Former national security adviser Susan Rice was entitled to ask that the names of President Donald Trump's transition team members be unmasked as part of her position, but to reveal their identities, if it was for a purpose other than national security, could be considered "espionage," Judge Andrew Napolitano said Monday.
"It depends on what she did with the information she unmasked," the Fox News legal analyst told the "Fox & Friends" program, after he was asked if he thought Rice had broken any laws.
"She is entitled to this, because she, as the president's national security adviser had the highest level of national security clearance."
Giving an example, this means if Gen. Michael Flynn was speaking to Russian Ambassador Sergey Kislyak, and the conversation came up as part of surveillance because the government wat tracking Kislyak, Rice could access Flynn's name.
"If she needs to know to whom the ambassador was speaking, in order to understand the conversation, she can do that," said Napolitano. "Can she reveal the identity of the American for a purpose other than national security? Absolutely not."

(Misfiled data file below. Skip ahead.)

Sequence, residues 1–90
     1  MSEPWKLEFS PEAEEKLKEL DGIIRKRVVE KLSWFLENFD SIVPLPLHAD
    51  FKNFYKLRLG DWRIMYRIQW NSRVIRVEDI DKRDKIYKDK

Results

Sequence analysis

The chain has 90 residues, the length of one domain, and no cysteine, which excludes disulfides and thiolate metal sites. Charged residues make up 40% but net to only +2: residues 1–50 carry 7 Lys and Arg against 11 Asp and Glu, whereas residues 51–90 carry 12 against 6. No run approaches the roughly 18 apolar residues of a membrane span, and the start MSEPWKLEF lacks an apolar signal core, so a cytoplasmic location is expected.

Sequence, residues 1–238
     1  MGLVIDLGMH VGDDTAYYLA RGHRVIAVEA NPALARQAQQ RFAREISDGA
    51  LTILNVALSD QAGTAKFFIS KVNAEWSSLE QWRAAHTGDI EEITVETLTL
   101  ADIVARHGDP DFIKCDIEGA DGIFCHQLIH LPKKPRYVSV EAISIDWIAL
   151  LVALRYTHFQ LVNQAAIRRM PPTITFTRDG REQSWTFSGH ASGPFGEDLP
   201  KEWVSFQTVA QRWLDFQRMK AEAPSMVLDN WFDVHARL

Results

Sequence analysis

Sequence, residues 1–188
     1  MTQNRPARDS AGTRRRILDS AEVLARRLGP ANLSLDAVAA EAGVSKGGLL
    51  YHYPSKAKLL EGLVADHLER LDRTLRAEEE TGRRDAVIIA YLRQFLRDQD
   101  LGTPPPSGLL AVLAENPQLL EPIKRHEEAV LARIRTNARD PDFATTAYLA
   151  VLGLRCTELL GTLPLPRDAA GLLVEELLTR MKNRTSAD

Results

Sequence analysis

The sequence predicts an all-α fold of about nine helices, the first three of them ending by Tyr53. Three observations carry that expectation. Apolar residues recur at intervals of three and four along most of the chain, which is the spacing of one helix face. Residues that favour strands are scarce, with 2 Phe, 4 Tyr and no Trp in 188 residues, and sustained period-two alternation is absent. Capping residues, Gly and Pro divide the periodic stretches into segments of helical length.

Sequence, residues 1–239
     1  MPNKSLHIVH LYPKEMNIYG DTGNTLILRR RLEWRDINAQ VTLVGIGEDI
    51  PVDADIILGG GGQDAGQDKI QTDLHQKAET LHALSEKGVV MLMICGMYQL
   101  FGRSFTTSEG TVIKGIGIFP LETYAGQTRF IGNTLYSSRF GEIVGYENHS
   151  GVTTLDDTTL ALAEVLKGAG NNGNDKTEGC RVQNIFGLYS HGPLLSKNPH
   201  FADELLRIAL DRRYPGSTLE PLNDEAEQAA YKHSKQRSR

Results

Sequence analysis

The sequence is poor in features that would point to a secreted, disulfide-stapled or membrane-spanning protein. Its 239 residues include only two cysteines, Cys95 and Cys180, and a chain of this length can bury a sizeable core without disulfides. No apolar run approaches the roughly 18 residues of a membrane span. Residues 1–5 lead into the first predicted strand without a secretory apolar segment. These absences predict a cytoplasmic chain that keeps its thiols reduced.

Further, if Rice had gotten the names and then said to President Barack Obama "by the way, guess what Trump and [Paul] Manafort were talking about last night," that would be "espionage," said Napolitano.
"That's called the failure to safeguard top secret information," he told the program. "The identity of Americans incidentally caught up is otherwise lawful surveillance is protected by the top secret protection, the highest level of classification of secret he is that we have.
"This is the same crime that Hillary Clinton probably committed by her failure to safeguard top secret [information] when she was secretary of state."
The FBI must examine the reports concerning Rice, and challenge her about why she needed the information about the Trump team, and what she did with it, Napolitano continued.
"It's also hacking and it's espionage, each time it's done," he said. "She only had one boss. She only reported to one person. We all know who that was. That was the president of the United States."
Even should Rice claim she obtained the information for national security reasons, the FBI should challenge what she is saying, said Napolitano.
"Think about what happened," he said. "The president of the United States and his national security adviser were obtaining transcripts of the president-elect and his potential national security adviser and other transcripts.
"Could you imagine if [President] George W. Bush and Condoleezza Rice had done this to President-elect Obama? The political earthquake would still be palpable."
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